Book Review: The Heavens Rise by Christopher Rice


This book review is part of the New Orleans Reading Challenge 2013, hosted by Midnyte Reader, which you can read more about here.


The Heavens Rise
by Christopher Rice
Gallery Books
$16.54 (Hardcover, Amazon) | $16.53 (Kindle)
336 pages
October 15, 2013
Review copy accessed on NetGalley

Plot Description:

New York Times bestselling author Christopher Rice brilliantly conjures the shadowed terrors of the Louisiana bayou—where three friends confront a deadly, ancient evil rising to the surface—in this intense and atmospheric new supernatural thriller.

It’s been a decade since the Delongpre family vanished near Bayou Rabineaux, and still no one can explain the events of that dark and sweltering night. No one except Niquette Delongpre, the survivor who ran away from the mangled stretch of guardrail on Highway 22 where the impossible occurred…and kept on running. Who left behind her best friends, Ben and Anthem, to save them from her newfound capacity for destruction…and who alone knows the source of her very bizarre—and very deadly—abilities: an isolated strip of swampland called Elysium.

An accomplished surgeon, Niquette’s father dreamed of transforming the dense acreage surrounded by murky waters into a palatial compound befitting the name his beloved wife gave to it, Elysium: “the final resting place for the heroic and virtuous.” Then, ten years ago, construction workers dug into a long-hidden well, one that snaked down into the deep, black waters of the Louisiana swamp and stirred something that had been there for centuries—a microscopic parasite that perverts the mind and corrupts the body.

Niquette is living proof that things done can’t be undone. Nothing will put her family back together again. And nothing can save her. But as Niquette, Ben, and Anthem uncover the truth of a devastating parasite that has the potential to alter the future of humankind, Niquette grasps the most chilling truths of all: someone else has been infected too. And unlike her, this man is not content to live in the shadows. He is intent to use his newfound powers for one reason only: revenge.


Niquette “Nikki” Delongpre is the protagonist of this Southern Gothic-influenced tale, set in New Orleans. We get her story through a mix of diary entries, flashbacks, and the current narrative. In essence, she’s a popular girl in school but went out with an utter clod in high school. A complete nutbar, Marshall, pined for her, but is now in a psych ward. He’s the other primary character of the book and drives most of it.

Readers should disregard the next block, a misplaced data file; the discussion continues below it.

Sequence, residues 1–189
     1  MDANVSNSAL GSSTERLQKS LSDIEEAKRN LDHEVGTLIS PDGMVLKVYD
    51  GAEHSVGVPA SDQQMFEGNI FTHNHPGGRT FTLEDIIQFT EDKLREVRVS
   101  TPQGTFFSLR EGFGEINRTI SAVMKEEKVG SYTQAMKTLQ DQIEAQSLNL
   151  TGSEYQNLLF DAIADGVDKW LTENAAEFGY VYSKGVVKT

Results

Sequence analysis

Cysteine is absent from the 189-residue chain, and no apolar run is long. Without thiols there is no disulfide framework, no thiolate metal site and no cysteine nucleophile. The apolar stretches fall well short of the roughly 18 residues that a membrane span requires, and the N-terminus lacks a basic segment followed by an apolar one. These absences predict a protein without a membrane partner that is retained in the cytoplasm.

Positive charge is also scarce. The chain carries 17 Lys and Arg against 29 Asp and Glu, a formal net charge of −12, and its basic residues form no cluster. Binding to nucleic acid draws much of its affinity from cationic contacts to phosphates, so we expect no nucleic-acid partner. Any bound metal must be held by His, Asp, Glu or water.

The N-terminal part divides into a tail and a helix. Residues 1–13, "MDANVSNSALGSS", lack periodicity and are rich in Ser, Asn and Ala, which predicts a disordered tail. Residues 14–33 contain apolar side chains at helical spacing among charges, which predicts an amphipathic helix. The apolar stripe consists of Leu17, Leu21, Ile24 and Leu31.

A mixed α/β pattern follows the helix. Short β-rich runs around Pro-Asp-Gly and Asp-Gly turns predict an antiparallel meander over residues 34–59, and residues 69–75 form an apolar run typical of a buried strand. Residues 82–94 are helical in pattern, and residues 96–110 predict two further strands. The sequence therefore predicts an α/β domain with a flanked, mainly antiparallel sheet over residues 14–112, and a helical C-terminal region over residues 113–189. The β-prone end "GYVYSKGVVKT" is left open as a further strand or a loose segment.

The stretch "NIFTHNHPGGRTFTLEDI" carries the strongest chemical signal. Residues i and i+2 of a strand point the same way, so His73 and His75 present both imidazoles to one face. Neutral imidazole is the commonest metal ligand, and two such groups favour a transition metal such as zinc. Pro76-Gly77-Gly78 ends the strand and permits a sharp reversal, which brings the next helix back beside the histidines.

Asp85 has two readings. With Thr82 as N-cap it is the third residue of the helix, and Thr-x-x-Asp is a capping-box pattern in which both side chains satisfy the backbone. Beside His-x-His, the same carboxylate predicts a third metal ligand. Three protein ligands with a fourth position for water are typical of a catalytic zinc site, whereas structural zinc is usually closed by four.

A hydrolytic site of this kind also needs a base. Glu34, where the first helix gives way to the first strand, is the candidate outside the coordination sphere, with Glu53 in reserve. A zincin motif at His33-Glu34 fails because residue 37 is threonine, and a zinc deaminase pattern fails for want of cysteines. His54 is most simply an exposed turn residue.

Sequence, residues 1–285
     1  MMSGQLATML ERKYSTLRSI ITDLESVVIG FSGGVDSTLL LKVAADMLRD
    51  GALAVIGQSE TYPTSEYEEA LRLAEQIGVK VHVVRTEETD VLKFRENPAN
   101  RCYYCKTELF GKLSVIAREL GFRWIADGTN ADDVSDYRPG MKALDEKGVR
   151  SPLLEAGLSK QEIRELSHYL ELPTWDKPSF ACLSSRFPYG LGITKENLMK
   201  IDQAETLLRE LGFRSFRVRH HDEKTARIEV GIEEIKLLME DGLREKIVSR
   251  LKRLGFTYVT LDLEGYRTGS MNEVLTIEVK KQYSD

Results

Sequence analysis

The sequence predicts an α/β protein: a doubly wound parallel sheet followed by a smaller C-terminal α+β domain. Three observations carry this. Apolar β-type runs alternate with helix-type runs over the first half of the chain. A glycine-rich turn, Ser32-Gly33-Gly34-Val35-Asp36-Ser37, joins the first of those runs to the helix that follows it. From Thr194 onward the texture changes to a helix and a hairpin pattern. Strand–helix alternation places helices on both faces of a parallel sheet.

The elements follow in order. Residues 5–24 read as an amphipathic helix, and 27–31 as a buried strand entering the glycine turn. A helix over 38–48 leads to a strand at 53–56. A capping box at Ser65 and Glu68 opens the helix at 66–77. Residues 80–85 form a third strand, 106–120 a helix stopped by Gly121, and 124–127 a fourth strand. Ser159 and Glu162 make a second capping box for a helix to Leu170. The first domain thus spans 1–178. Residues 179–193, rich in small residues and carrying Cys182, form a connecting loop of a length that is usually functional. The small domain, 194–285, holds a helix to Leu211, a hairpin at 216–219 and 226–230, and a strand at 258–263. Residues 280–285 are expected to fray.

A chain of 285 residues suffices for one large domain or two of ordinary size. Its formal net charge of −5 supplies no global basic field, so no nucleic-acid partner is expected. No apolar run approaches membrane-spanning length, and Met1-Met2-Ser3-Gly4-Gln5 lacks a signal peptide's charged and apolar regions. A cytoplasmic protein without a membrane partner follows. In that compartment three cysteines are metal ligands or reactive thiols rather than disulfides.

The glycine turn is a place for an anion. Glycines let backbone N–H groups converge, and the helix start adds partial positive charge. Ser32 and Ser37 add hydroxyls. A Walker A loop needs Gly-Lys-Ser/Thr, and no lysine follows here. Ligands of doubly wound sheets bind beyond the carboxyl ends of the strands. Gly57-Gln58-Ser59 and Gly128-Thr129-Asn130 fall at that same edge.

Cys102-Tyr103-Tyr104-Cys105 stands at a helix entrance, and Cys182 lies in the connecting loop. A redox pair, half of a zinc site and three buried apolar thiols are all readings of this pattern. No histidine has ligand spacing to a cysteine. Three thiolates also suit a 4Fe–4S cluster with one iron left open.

We also get introduced to Marissa, a reporter with a local paper, who’s all too aware of the discrimination she faces as an educated woman of colour. She was involved with a big, pivotal scene involving Marshall at the beginning of the book and starts a reluctant working relationship with Niquette’s best friend, Ben, who becomes a reporter intern, but was very badly affected by Nikki’s disappearance. Nikki and her family disappear suddenly, and her ex-boyfriend, the clod, named Anthem, is depressed about it as well.

Marshall didn’t try to kill himself, he says–he wants to pick off anyone who can oppose him or who was sent to investigate him, or so it seems. He also appears to have developed powers from the water near Nikki’s house from a well that fell into the Longpre house. He’s determined to get revenge on Nikki and all those she loves.

There seems to be a new trend in horror fiction in which parasites make people stronger and don’t kill them, which I thought added a unique dimension to the book that swerved it in a direction I wasn’t expecting (in a good way) ultimately leading to a more satisfying reading experience. The Heavens Rise is a slow burn that must be digested over time, and it takes time to percolate within the reader. Although Christopher Rice definitely has his own distinct voice, there is a flavour or seasoning of Anne Rice in here, which is also a good thing as fans of her will also like this book.

It’s hard to describe why this book is so good, but it’s an absorbing read with memorable characters. The lines are blurred between who is good and evil. There are shades of gray. There also isn’t a generic cookie-cutter ending, and many interesting and predictable things happen.

I’ve been waiting for this kind of book from Christopher for a while, something in the fantasy genre, but subtle and literary. As well, literary fiction readers will enjoy this because it’s not so “genre” that it will put them off but is definitely “genre” enough that genre fans will snap it up.

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